The UN and Oxfam are warning nations that the scarcity of water will limit food production dramatically and cause another food crisis. Oxfam is predicting food prices to rise incredibly in developed nations.

The globalist answer to the problem: by adopting a global vegetarian diet, the world’s water supplies will be saved and the erratic weather evidenced by the man-made climate change myth will simply disappear. Miraculously, third world nations would have the arable land to feed their populations which would increase trade and food surplus.

In April, S. Matthew Laio, bioethics professor at New York University proposed that the masses take a pill that would cause nausea when a person ate meat. This would eventually create a lasting aversion to meat-eating.

Laio had other ideas, like using genetic engineering or hormone therapy to birth smaller babies that would be less resource-intensive throughout their lifetime. Larger people consume more food and energy over their life. Smaller people consume less. Liao believes that human engineering would liberate a family to choose from two medium sized children or three small sized children. Or they could choose one large child. The choice is theirs.

This bioethics professor also thinks very highly of China’s one child policy (that was first instituted by Mao, modeled after Henry Kissinger’s work) and Britain’s advocators of a two-child maximum.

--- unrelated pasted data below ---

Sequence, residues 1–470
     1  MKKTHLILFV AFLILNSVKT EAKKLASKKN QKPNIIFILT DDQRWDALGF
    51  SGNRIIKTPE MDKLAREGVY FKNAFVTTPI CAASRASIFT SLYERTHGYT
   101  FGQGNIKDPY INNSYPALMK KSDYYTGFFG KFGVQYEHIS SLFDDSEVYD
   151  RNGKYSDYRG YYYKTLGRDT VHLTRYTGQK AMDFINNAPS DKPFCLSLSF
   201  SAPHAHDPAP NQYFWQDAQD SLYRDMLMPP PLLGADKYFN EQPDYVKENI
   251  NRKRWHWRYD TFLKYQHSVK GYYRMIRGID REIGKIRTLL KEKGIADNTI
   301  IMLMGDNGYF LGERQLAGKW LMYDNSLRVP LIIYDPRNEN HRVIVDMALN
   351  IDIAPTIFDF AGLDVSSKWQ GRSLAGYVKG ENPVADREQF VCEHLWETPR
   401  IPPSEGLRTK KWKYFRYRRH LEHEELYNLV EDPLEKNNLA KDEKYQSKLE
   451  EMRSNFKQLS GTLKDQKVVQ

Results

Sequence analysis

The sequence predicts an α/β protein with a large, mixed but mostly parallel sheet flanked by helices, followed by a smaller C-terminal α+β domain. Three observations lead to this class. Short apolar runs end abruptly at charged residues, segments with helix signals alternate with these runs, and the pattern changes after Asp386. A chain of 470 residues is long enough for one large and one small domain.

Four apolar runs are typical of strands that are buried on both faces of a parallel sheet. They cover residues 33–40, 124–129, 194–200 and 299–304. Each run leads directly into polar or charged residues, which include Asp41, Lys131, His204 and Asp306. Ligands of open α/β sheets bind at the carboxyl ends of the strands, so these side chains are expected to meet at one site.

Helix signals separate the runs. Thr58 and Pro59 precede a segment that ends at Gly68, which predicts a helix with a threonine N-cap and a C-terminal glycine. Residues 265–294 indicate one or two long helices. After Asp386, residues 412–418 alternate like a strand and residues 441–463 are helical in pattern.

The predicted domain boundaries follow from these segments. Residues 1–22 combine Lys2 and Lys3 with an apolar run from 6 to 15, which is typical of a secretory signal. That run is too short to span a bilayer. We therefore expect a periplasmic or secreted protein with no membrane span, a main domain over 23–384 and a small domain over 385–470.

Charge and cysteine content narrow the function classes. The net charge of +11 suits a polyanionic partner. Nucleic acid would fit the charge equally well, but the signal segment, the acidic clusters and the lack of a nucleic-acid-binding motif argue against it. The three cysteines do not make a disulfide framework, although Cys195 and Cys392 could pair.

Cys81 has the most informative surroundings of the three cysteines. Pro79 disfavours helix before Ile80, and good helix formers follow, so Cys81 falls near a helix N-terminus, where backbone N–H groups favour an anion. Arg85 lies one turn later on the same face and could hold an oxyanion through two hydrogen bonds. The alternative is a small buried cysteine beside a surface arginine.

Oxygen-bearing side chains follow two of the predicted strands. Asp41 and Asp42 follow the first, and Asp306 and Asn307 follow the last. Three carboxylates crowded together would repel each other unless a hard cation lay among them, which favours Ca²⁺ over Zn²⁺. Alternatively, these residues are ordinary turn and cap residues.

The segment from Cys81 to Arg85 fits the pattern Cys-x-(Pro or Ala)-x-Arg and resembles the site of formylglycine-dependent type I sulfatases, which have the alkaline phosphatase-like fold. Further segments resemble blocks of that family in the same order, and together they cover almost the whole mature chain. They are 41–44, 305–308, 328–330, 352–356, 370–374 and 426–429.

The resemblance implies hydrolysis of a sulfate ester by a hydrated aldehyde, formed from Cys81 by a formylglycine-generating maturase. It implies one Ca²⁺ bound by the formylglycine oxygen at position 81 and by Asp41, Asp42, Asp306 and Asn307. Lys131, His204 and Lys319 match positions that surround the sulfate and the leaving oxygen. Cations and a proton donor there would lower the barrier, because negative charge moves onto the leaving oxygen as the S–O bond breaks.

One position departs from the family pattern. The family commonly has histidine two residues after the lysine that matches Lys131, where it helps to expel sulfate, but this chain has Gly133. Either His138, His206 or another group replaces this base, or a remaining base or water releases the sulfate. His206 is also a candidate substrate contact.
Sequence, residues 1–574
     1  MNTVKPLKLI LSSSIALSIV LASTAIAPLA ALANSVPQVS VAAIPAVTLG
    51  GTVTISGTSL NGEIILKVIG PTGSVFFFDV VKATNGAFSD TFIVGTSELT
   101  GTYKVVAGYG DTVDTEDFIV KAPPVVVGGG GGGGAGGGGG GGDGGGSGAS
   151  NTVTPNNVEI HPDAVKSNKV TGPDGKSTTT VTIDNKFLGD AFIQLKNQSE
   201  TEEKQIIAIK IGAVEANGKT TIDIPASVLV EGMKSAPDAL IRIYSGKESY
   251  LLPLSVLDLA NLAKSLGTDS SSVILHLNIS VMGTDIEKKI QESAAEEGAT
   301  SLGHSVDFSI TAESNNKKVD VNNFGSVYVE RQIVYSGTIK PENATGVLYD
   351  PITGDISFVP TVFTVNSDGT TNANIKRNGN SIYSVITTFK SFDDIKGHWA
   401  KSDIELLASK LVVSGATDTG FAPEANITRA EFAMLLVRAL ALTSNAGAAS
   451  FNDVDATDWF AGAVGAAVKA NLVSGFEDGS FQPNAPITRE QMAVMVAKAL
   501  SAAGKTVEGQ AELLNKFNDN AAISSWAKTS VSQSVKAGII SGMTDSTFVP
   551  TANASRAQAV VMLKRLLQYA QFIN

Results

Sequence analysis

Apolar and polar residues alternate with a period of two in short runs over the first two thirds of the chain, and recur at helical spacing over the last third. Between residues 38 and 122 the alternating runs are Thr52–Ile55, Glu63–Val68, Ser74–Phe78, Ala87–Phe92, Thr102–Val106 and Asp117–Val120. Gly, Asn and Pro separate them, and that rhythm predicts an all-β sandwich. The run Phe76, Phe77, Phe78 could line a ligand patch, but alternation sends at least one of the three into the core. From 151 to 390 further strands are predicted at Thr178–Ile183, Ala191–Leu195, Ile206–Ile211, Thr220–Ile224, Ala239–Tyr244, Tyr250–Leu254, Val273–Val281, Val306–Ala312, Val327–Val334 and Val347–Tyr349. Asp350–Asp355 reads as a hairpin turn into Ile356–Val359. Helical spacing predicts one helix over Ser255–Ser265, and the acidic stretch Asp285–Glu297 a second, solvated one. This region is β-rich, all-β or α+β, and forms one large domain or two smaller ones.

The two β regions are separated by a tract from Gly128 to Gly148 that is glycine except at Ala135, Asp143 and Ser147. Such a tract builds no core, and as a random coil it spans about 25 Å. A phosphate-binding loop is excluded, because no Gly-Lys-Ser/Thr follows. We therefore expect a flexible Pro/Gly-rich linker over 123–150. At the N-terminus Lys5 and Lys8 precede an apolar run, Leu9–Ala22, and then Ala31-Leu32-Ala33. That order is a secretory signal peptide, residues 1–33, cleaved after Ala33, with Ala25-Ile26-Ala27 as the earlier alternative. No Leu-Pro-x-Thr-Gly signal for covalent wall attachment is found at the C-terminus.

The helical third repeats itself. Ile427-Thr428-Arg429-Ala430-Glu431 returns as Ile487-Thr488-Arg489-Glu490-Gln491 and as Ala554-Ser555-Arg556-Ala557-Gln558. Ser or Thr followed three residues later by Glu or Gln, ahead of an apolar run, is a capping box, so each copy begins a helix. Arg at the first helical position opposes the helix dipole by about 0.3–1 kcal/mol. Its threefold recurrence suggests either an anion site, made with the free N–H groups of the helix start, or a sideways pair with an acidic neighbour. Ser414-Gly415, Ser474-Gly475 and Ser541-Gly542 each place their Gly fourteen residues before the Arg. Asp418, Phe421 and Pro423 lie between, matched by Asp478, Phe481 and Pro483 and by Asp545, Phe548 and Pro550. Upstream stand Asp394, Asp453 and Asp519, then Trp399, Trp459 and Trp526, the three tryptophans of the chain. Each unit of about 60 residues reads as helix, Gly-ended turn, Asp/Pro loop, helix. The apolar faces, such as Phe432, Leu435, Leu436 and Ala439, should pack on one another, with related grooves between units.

Competition for water will be the next Great War. The International Water Management Institute (IWMI) claims that food security in Southeast Asia and the sub-Saharan Africa will be protected by investing in small pumps because the world depends on their success.

The World Bank and the UN Population Fund have issued ultimatums (referred to as guidelines) to under-developed nations to either implement their plans for population reduction, or be withdrawn from the international community.

According to the UN’s Reproductive Health Action Plan 2010-2015 , adherence to the UN’s Millennium Development Goal number 5 is an imperative. This goal calls for a 75% reduction in maternal mortality and universal access to reproductive health by 2015.

Melinda Gates, at the recent London Family Planning Summit held in July, spoke of preventing 40% of unwanted births in under-developed nations like Africa and India to reduce the world’s human population growth significantly.

Population stabilization , the true meaning behind family planning is evident in the World Bank and UN Population Fund’s push against sovereign nations to reduce their populations by rule of the “global consensus” which dictates human rights policy by deeming some fit to live and others not.

Based on the Rockefeller Commission report, population stabilization is an endeavor worth pursuing, although its success would take decades because of the high incidents of reproduction by marriage. However, with the destruction of the family, this problem could be solved. Furthermore, the stabilization of the global population would reallocate resources to be better spent in terms of quality versus quantity.

Concluding that the best way to achieve population stabilization is to coerce the nation’s citizens that they freely choose abortion and not having a child at all as part of an acceptable societal norm. By way of implementation of social barrier and cultural pressures, the average citizen would rather go with the flow and chose not to procreate for the sake of being part of the herd.

Simultaneously, by reforming the acceptable amount of children born into a married house-hold, the impact on population growth would seem to be natural. And trends would take care of social conformity. Those who had more children would be shunned.